According to the finding recorded by Saha [19-21], local pattern of tidal inundation further influence to the soil characteristics that control species distribution in mangrove ecosystem. Joshi reported maximum vegetation complexity index was recorded at least saline and low inundated zones of Sundaraban [17].

Although ground distance between these two lagoons (Batticaloa lagoon and Uppar lagoon), not exceed 50-60 km, different in vegetation structure and species distribution symbolizes the main dissimilarities of physical and environmental factors such as, soil salinity, inundation patterns may resulted from geographical settings, depth of the lagoon and elevation of the mangroves of two areas.

Highest carbon stock were gathered near by the lagoon water front compared with next landwards 20–30 m. Although this was common to both areas, dissimilarity of magnitude was due to difference in species composition and tree density. Higher in stand density and comparatively low in dbh/gbh trees found in lagoon water front of both Batticaloa and Uppar mangroves. Dominant of Avicennia marina trees with higher girth diameter and low stand density, were occurred in land wards areas (50-60 m land wards) of uppar lagoon, resulted the unexpected increase of TOC in those areas. Relatively high TOC retention was recorded at Batticaloa lagoon mangroves (149.71 t/ha) than Uppar lagoon mangroves (135.2 t/ha). Although these TOC stocks are comparatively lower than that was recorded at other dry zone mangroves, higher than to the TOC stocks recorded in wet zone mangroves of Sri Lanka. TOC content of two dry zone mangroves at Kala Oya and Malwathu Oya, 204 t/ha and 165 t/ha respectively and mangroves at Negombo (wet zone) 80 t/ha [22].

According to recent reports on carbon stock estimation of Pelliciera rhizophorae forest at Panama average of above ground and below ground were 88 t/ha and 33 t/ha which total was recorded 121 t/ha, and results of age vise carbon stock determination in Rhizophora stylosa plantation at Banacon island, Philippines, which 40,20 and 15 year old trees recorded 370.7 t/ha, 174 t/ha and 208.5 t/ha respectively. These determinations of carbon stocks are slightly dissimilar with the TOC estimates of Batticaloa and Uppar lagoon mangroves due to differences of both macro and micro physical, environmental and anthropogenic factors.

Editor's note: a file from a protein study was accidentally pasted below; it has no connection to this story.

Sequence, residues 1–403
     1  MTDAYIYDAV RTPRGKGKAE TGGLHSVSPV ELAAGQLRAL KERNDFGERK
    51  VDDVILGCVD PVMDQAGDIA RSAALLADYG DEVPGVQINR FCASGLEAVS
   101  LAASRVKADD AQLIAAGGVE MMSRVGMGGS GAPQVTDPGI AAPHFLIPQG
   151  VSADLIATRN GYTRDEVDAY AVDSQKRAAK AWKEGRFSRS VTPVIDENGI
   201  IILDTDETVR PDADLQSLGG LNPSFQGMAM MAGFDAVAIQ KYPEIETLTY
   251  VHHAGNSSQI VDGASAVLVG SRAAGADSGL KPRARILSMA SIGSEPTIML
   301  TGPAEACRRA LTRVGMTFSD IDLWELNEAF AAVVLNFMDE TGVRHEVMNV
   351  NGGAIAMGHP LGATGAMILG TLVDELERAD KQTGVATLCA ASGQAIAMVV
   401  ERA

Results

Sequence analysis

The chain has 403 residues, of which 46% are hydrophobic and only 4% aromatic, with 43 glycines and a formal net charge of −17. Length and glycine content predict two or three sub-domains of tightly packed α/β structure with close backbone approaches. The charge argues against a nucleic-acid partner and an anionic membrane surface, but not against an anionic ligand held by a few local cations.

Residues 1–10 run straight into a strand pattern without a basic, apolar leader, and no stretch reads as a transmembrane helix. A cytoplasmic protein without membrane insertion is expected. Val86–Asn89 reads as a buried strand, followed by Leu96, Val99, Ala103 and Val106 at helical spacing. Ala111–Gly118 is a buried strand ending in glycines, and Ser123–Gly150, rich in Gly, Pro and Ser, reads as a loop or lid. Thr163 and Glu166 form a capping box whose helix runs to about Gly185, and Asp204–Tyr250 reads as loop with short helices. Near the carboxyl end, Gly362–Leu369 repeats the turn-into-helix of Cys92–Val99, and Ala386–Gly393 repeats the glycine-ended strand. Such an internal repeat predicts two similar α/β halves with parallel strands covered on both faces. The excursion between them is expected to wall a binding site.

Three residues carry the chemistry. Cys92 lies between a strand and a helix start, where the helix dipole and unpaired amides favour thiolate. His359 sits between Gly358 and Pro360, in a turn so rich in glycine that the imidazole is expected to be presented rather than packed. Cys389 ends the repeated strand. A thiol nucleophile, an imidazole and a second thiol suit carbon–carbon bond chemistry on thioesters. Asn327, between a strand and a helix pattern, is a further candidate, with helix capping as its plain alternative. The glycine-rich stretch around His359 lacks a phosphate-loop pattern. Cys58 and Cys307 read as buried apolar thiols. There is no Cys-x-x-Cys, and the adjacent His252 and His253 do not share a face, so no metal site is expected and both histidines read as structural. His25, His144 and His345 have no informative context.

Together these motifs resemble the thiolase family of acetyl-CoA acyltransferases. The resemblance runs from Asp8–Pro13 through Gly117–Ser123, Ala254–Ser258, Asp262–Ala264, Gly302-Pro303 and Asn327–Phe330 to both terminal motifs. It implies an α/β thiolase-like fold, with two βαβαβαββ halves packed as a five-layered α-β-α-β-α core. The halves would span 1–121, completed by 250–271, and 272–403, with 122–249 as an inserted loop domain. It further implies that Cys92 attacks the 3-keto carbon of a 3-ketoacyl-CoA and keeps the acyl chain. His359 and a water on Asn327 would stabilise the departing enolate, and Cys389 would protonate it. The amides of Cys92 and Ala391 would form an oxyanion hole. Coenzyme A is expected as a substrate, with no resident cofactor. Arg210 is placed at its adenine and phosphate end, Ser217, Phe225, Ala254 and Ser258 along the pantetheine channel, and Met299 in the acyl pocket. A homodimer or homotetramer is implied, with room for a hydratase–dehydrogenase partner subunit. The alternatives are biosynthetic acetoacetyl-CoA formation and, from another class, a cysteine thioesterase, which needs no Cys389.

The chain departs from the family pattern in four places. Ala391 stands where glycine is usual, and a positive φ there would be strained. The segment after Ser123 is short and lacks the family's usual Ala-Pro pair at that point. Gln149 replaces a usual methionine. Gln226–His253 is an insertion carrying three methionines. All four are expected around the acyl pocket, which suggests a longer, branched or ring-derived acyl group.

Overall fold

Results revealed that Rhizophora apiculata (79.66 t/ha) and Excoecaria agallocha (44.14 t/ha) of Batticaloa lagoon and Rhizophora mucronata (23.05 t/ha) and Avicennia marina (106.93 t/ha) of Uppar lagoon were the most significant mangrove species for carbon retention function of the respect areas. This contribution varies under different climatic and environmental conditions. Perera, et al., (2012), reported the species vise contribution of carbon retention function in some mangrove areas in Sri Lanka, Avicennia marina (36.62 t/ha) and Rhizophora mucronata (27.09 t/ha) are the species that contribute most to retain carbon in Negombo estuary (wet zone). In Chilaw/Pambala lagoon (Intermediate zone), Rhizophora mucronata (14.18 t/ha) and Lumnitzera racemosa (42.24 t/ha) were the most contributed mangrove species for carbon retention. L. racemosa (59.55 t/ha), and R. mucronata (45.75 t/ha) at Kala Oya (dry zone) and Sonneratia alba (92.81 t/ha) and A. marina (41.53 t/ha) at Malwathu Oya estuarine mangroves were dominant for carbon retention.

Complexity index (CI) represents the overall estimate of the mangrove vegetation structure of each study areas. Leaf area index (LAI) used to as additional variable than Holdridge to calculate the complexity index of this study [10,23]. Although rare to find studies focused on relationship of mangrove carbon retention with vegetation structure, several of research records found to be mangrove biomass and one of the structural variables [4,24-26]. A positive correlation (p<0.05) was observed between mangrove vegetation structure and total organic carbon (TOC) of mangrove areas at Batticaloa and Uppar lagoon. Determination of complexity index (CI) of mangrove is more time and labour consuming task in the field. Present study was focused to reduce these obstructions and propose a relationship between TOC and easily quantifiable variable in the field. A positive correlation was revealed between LAI and TOC. LAI can be easily determined with a quantum sensor. These relationships can be generalized and more accurate by adding of data from different environmental and physical conditions in Sri Lanka.